|Submission Date||Aug. 29, 2018|
OP-5: Building Energy Consumption
|1.97 / 6.00||
Operations, Columbia University Facilities and Operations
Figures needed to determine total building energy consumption:
|Performance Year||Baseline Year|
|Grid-purchased electricity||1,299,102 MMBtu||1,217,880 MMBtu|
|Electricity from on-site renewables||0 MMBtu||0 MMBtu|
|District steam/hot water (sourced from offsite)||0 MMBtu||0 MMBtu|
|Energy from all other sources (e.g., natural gas, fuel oil, propane/LPG, district chilled water, coal/coke, biomass)||1,215,913 MMBtu||1,281,661 MMBtu|
|Total||2,515,015 MMBtu||2,499,541 MMBtu|
Start and end dates of the performance year and baseline year (or 3-year periods):
|Start Date||End Date|
|Performance Year||Jan. 1, 2017||Dec. 31, 2017|
|Baseline Year||Jan. 1, 2006||Dec. 31, 2006|
A brief description of when and why the building energy consumption baseline was adopted (e.g. in sustainability plans and policies or in the context of other reporting obligations):
The building energy consumption baseline was adopted when Columbia signed onto The NYC Carbon Challenge for Universities.
Gross floor area of building space:
|Performance Year||Baseline Year|
|Gross floor area of building space||13,082,585 Gross Square Feet||12,110,538 Gross Square Feet|
Source-site ratio for grid-purchased electricity:
Total building energy consumption per unit of floor area:
|Performance Year||Baseline Year|
|Site energy||0.19 MMBtu / GSF||0.21 MMBtu / GSF|
|Source energy||0.40 MMBtu / GSF||0.42 MMBtu / GSF|
Percentage reduction in total building energy consumption (source energy) per unit of floor area from baseline:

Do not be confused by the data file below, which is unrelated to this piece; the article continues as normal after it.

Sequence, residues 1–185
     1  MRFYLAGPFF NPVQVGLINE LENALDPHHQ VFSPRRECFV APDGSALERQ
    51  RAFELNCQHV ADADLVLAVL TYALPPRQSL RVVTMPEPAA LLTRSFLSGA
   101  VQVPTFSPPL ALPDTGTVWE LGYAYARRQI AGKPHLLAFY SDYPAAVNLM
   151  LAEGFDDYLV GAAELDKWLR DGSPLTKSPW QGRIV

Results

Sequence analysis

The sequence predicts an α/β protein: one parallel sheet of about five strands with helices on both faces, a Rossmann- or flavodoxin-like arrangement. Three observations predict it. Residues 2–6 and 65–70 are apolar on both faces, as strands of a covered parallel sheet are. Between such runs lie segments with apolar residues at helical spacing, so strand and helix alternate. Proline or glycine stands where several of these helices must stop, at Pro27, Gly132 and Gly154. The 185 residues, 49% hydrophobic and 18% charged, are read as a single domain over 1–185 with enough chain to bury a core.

Degree days, performance year (base 65 °F / 18 °C):
|Degree days (see help icon above)|
|Heating degree days||4,419 Degree-Days (°F)|
|Cooling degree days||1,440 Degree-Days (°F)|
Floor area of energy intensive space, performance year:
|Laboratory space||316,354 Square Feet|
|Healthcare space||0 Square Feet|
|Other energy intensive space|
EUI-adjusted floor area, performance year:
Building energy consumption (site energy) per unit of EUI-adjusted floor area per degree day, performance year:
Documentation (e.g. spreadsheet or utility records) to support the performance year energy consumption figures reported above:
A brief description of the institution's initiatives to shift individual attitudes and practices in regard to energy efficiency (e.g. outreach and education efforts):
Columbia's Sustainable Leaders Network (SLN) Workspace Certification Program aims to shift individual attitudes and practices related to sustainability, including energy efficiency. The program engages a wide range of students, faculty an staff from schools and departments across the University and provides them with a simple, easy to use survey tool that functions as a roadmap toward creating lasting culture change. Participants are encouraged to partake in simple but meaningful behavior change practices that they themselves can implement, in order to encourage a more sustainable workplace.
A brief description of energy use standards and controls employed by the institution (e.g. building temperature standards, occupancy and vacancy sensors):
A number of buildings use timers to regulate temperature. Temperature timers in buildings are on schedules, such as office spaces. These times are virtually managed. Night set back and cut back on usage on air handlers turn them off completely or change set points in IAB, CEPSR, Social Work, Northwest Corner on mostly the north campus at Morningside depending on lab or office space usage and occupancy.
Columbia University Facilities, depending upon the time of the year, sets forth targeted interior space temperature ranges in commonly (temperature controlled) zoned areas for academic, administrative spaces and residence halls.
The chiller optimization program installed metering and sensors on the chillers and on the chilled water loop so Facilities can read how the system is performing and run more efficiently. Columbia has an economic dispatch model (told to run the most efficient machines) so the University had 11 and replaced 2 with more efficient units and adding 2 new ones and then will remove the 3 in CEPSR. The University is able to trend over a period of time with an optimization program.